Ariel Castro, 52, of Cleveland, Ohio was arrested on Monday after one of the alleged victims, Amanda Berry escaped his home and called police.
He was a school bus driver in the Cleveland area, according to reports.
Only Ariel Castro lived at the home. The brothers lived elsewhere, police told reporters.
Ariel Castro has been identified as the prime suspect in the astonishing kidnapping case of three women held captive for ten years in Cleveland
Ariel Castro’s Facebook page depicts a man with a passion for motorcycles and the bass guitar.
His last post to the social networking site on May 2 says: “Miracles really do happen, God is good :)”
Cleveland’s police chief said on Monday night that the victims were tied up in the house where they were found and had been there since they disappeared.
The county prosecutor joined dozens of police officers and sheriff’s deputies at the scene as they began searching the house late Monday.
Authorities say the women have been taken to a hospital to reunite with relatives and seem to be in good health.
Michelle Knight had been missing since 2002, Amanda Berry since 2003 and Gina DeJesus since 2004.
Remarkably, Ariel Castro’s son – also named Ariel who now goes by “Anthony” – penned an article for the Cleveland Plain Press about the disappearance of Gina DeJesus back in 2004.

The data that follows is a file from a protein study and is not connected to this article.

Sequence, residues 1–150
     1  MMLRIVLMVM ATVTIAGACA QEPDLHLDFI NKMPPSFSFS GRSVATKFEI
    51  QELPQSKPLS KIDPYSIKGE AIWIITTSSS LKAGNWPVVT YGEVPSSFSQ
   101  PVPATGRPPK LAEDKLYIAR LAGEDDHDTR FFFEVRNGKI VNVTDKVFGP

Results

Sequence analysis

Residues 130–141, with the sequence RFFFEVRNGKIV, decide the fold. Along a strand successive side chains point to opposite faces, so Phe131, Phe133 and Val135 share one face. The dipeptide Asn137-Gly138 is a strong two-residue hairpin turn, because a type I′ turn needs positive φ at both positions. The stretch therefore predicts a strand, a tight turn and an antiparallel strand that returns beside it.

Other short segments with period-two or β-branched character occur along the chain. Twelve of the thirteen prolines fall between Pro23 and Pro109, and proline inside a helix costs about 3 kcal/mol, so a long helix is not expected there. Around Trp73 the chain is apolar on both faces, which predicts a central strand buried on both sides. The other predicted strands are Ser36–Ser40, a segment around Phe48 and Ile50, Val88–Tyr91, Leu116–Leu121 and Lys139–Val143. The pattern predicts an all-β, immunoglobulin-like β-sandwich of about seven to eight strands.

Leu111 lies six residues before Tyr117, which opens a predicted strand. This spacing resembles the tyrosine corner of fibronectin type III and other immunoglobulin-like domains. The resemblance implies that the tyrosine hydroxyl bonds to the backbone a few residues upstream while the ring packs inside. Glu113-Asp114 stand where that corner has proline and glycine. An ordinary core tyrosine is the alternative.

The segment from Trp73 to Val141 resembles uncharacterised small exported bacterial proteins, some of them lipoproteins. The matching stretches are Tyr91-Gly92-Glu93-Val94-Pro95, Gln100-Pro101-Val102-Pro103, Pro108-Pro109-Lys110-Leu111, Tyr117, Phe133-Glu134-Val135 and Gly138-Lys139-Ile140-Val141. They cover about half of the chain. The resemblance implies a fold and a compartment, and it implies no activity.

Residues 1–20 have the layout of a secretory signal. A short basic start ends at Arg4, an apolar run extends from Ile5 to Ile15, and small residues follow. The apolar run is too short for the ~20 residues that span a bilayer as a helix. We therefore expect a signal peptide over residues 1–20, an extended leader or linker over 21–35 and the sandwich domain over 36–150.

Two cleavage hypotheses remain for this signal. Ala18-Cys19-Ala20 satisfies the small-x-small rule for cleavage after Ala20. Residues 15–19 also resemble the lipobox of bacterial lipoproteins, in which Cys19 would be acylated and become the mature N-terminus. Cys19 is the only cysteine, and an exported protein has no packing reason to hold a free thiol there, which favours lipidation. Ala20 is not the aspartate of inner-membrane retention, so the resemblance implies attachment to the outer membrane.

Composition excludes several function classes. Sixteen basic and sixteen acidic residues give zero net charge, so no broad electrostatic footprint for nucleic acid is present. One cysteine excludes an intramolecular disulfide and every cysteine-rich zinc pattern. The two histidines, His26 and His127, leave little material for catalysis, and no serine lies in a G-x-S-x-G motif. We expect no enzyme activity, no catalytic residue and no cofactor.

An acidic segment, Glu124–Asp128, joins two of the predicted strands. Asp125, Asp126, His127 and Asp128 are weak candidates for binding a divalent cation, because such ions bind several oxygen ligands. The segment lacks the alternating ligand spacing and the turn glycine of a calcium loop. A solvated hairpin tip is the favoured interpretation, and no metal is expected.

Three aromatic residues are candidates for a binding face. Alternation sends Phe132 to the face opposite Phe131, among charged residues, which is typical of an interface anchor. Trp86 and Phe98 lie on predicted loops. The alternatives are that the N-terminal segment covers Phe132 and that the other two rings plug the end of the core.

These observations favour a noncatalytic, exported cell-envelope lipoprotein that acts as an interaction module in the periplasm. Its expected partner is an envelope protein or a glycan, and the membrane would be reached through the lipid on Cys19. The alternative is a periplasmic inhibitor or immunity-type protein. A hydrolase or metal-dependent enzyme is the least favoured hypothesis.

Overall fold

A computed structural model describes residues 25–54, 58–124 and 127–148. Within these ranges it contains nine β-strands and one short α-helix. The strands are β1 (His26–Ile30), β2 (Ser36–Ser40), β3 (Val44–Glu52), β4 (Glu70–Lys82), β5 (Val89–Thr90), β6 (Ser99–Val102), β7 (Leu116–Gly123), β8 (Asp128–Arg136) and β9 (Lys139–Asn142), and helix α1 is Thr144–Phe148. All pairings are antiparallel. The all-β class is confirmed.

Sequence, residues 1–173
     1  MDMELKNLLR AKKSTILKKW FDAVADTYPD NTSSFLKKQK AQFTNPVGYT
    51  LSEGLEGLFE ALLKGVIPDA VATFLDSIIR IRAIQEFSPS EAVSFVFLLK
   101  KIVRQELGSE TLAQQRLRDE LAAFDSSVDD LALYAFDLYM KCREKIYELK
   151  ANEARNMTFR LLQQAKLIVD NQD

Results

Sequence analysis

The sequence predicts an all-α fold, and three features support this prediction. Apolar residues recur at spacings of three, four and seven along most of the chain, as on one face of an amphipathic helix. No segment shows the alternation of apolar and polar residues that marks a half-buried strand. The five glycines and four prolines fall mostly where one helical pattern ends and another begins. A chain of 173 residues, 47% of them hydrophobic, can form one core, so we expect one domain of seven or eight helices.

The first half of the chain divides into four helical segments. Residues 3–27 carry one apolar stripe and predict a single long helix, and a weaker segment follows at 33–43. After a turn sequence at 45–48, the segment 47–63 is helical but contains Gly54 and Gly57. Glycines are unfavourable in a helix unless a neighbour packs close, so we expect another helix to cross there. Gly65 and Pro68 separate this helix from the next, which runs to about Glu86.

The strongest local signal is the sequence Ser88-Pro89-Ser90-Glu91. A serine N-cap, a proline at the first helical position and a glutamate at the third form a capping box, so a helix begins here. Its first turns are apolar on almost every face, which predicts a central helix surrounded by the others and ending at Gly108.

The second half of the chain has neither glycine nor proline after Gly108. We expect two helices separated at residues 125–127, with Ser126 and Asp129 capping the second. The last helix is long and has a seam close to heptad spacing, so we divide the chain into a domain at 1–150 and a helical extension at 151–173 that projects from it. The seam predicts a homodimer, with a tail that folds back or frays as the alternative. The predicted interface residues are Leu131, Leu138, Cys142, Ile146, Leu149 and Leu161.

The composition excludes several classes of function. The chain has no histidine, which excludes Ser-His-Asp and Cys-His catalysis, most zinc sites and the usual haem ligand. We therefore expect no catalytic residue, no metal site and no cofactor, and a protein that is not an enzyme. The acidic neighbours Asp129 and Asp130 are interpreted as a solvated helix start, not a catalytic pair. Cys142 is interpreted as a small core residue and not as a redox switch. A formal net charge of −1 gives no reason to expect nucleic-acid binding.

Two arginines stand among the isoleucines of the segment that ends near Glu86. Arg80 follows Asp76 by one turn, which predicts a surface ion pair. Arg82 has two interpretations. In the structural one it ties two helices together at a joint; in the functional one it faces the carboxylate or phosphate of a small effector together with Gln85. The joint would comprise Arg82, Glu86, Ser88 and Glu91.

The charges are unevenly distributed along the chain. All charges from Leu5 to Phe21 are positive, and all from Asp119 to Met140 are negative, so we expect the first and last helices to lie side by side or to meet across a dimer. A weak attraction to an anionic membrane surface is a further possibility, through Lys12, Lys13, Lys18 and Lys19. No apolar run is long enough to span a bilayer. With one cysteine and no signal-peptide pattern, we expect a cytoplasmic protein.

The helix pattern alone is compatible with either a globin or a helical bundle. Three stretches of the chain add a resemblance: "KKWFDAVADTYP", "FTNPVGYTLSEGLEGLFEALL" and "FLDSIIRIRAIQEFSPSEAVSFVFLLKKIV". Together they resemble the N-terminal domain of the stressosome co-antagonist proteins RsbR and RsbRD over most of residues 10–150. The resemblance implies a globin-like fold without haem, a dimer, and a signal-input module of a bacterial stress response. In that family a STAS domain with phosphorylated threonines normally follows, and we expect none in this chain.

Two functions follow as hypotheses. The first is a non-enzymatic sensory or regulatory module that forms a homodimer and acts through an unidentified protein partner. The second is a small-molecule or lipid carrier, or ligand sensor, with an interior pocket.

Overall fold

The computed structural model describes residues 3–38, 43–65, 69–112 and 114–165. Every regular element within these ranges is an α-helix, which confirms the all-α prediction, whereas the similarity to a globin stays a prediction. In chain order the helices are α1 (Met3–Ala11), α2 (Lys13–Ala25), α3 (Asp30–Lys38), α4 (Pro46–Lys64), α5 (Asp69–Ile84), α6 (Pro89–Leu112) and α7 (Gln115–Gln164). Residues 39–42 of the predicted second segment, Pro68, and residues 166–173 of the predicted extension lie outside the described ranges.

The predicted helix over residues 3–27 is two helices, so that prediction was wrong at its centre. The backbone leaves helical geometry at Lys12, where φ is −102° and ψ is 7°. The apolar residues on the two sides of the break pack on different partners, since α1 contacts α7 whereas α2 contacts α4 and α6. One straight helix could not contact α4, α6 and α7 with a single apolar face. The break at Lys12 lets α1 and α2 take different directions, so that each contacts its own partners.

Anthony Castro told WKYC-TV reporter Sara Shookman: “This is beyond comprehension… I’m truly stunned right now.”
Also struck by the allegations, the suspects’ uncle, Julio Castro, told CNN: “I never want to see them again.”
Police didn’t immediately provide any details of how the women were found but said they appeared to be in good health and had been taken to a hospital to be reunited with relatives and to be evaluated.
They said a 6-year-old girl also was found in the home.
On a recorded 911 call Monday, Amanda Berry declared: “I’m Amanda Berry. I’ve been on the news for the last 10 years.”
The woman said she had been taken by someone and begged for police officers to arrive at the home on Cleveland’s west side before he returned.
“I’ve been kidnapped, and I’ve been missing for 10 years,” Amanda Berry told the dispatcher.
“And I’m here. I’m free now.”
Amanda Berry disappeared at age 16 on April 21, 2003, when she called her sister to say she was getting a ride home from her job at a Burger King.
Gina DeJesus went missing at age 14 on her way home from school about a year later. They were found just a few miles from where they had disappeared.
Police said Michelle Knight went missing in 2002 and is 32 now. They didn’t provide current ages for the other two women.